There are about 150 trolleybuses between 2 depots (the actual number is probably the most well-kept local secret). All vehicles are ZIU-9s, except for 4 known articulated ZIU-10s (2005, 2085, 2095 - noted; 2111 - is known to exist) and 3 Belarus-built AKSM-101 trolleybuses (numbered 2001-2003). The oldest vehicles are of borderline 1970s/80s deliveries. Some oldest vehicles are completely rebuilt locally, with two different resulting designs noted. These specimens are distinguished by the large additional structure on the roof which houses the electric equipment. The newest 30 ZIU-9 were delivered in 2000/2001. The lowest fleet number noted for Depot 1 was 1004, the highest number was 1187. The lowest number for Depot 2 was 2001, the highest number was 2190. There is no correlation between the age of vehicles and the fleet number, as fleet numbering is distorted, with old available numbers commonly assigned to newly acquired vehicles, and many numbers missing at all. Overall, the fleetscape happens to be a strange assortment of new pleasantly maintained vehicles, and old shabby corpses on wheels. Some older vehicles show body frame disfigurements due to the old age. Mechanical breakdowns are common almost hourly occurrences. Because of that, the system seems to be operating in a hole-patching mode.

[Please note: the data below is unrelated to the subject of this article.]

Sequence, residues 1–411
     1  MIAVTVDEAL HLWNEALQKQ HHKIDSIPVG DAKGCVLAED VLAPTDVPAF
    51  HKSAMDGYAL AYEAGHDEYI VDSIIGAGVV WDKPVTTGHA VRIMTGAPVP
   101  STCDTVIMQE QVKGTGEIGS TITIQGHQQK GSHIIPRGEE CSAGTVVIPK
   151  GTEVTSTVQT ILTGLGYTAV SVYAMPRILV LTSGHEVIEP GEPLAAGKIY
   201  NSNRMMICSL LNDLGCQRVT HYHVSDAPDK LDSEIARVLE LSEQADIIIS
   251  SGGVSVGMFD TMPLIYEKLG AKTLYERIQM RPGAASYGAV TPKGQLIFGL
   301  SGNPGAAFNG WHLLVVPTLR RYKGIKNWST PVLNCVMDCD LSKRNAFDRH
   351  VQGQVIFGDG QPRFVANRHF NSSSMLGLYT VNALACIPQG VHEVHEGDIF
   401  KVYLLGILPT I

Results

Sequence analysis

The length of the entire network is 148,3 km. The overhead seems to be of a very basic design, as the network was apparently built rather cheaply. For instance, all terminal lots, except for the Elevator Terminal, are equipped with one set of wires only, thus forcing all vehicles to layover with their poles down. The infrastructure is notably old, the wire is critically saggy in many places. De-wirements are a part of routing operation.
Despite old rolling stock and helplessly old infrastructure, the sizable acquisition of the new rolling stock in 2001 conveys optimism. So are the plans for a complete replacement of the fleet of trolleybuses with new vehicles that surfaced in local media in 2003. The local government policy and controls over public transportation remain strong, the operation is meticulously maintained with means that are available, and there is a notable pride in local trolleybuses as a mode that makes the city look more viable. After all, the long new trolleybus line was built to the new flashy exhibition grounds of the Republic of Mordovia, apparently in accordance with the modern commonly popular within Russian provincial towns practice of showing off by means of trolleybus network's development. The rationale behind it is understandable: Saransk doesn't have its own metro, well, at least it has trolleybuses.